Distributed Objects and Models of Distribution
The distributed objects paradigm is one of the most commonly used models of distribution in distributed computing today, mainly because it integrates well with most object-oriented programming languages. We explore the four major types of distributed object paradigms and look at some other distributed computing models.
The distributed computing paradigm is one in which separate components are located on distant computers and communicate with each other using a number of varying messaging methodologies.
The core idea behind distributed computing is that the network of separate components is seen as a single computer by an end user or developer – the underlying complexity behind the distributed components are abstracted by an interface or middleware solution.
There are four key paradigms of interest when looking at distributed computing:
- Message passing
- Distributed Objects
- Event-based architectures
- Server processes
Message Passing Paradigm
The idea behind the message passing paradigm is that remote objects communicate with one another via the passing of messages. Messages can be sent in two ways; asynchronously or synchronously. Asynchronous messages are those in which the sender doesn’t care if the message has been received – it doesn’t stop or halt its processing to wait for a response.
In contrast, synchronous messaging is that in which the sender actually stops to wait for a response from the receiver before continuing with any further processing.
The message passing paradigm is the lowest level of the distribution models – by this I mean it has the lowest level of abstraction from the underlying mechanisms behind its functionality. It’s commonly used as the underlying mechanism in more complex distributed object schemes, but there are a number of very well-known protocols that rely primarily on the message passing paradigm.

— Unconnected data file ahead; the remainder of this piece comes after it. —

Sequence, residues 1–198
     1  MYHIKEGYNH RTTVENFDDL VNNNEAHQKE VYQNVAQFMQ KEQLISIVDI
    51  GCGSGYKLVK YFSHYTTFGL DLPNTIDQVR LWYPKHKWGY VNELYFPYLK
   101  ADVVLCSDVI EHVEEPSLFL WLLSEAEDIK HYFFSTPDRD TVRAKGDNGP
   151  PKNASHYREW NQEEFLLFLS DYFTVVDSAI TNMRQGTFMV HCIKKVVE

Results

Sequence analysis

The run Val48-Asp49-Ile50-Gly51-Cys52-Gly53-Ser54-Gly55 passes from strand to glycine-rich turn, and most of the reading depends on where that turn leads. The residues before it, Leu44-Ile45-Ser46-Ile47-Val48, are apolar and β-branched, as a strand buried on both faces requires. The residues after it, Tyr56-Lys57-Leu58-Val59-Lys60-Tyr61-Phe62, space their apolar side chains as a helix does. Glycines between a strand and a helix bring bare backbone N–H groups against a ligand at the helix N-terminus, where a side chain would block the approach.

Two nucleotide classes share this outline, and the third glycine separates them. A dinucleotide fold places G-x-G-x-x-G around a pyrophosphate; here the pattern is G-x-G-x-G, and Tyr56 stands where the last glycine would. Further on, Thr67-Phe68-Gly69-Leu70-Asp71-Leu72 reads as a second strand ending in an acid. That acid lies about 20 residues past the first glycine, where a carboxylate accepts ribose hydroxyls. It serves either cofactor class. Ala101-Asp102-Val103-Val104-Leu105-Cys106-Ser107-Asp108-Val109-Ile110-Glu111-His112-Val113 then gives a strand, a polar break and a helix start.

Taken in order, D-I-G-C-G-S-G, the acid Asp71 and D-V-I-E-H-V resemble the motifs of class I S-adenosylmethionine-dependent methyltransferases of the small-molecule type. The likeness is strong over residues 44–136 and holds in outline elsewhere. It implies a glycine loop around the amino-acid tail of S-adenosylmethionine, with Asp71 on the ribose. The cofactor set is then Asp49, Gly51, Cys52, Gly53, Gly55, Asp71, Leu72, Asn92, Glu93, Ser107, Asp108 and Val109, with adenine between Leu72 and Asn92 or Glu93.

The most popular and important is these is HTTP itself. HTTP, the Hypertext Transfer Protocol, is the foundation for the World Wide Web as we know it and is based on the message passing paradigm. It involves a client (for example a Web browser) sending a request message to a Web server, who in turn sends a response message.
Messages sent through the HTTP protocol must have headers, which contain message codes indicating the type of request or response. Types of HTTP request header methods include GET, POST, PUT, HEAD and DELETE, and some HTTP response codes that you may be familiar with are 200 OK, 301 Moved Permanently, 400 Bad Request, 404 Not Found, and 505 HTTP Version Not Supported.
The message passing paradigm is used when:
- Communication needs are relatively simple
- High performance is required
- Rapid implementation is required
- No existing protocols are available – a new protocol has to be created
Distributed Objects Paradigm
In contrast to the message passing paradigm, the distributed objects paradigm views a distributed system as being comprised of a series of interacting objects. In this paradigm, objects on separate machines invoke methods on objects on remote machines. The underlying technology which intercepts calls to distributed objects, locates the targeted remote objects and physically sends data and instructions to the remote objects is hidden from view from the designer or developer.
The major advantage of the distributed objects paradigm is that it fits perfectly with the object oriented paradigm of nearly all modern software development environments and languages; seeing entities as objects corresponds exactly with programming languages such as Java and C# in which data are defined through classes and instantiated as objects.
Another important advantage of this paradigm is that it provides a high level of abstraction for underlying transport mechanisms such as sockets and transport-level protocols – the average programmer using a technology like RMI or CORBA usually would never have to even be aware of details at the socket level, and can instead focus on programming business logic.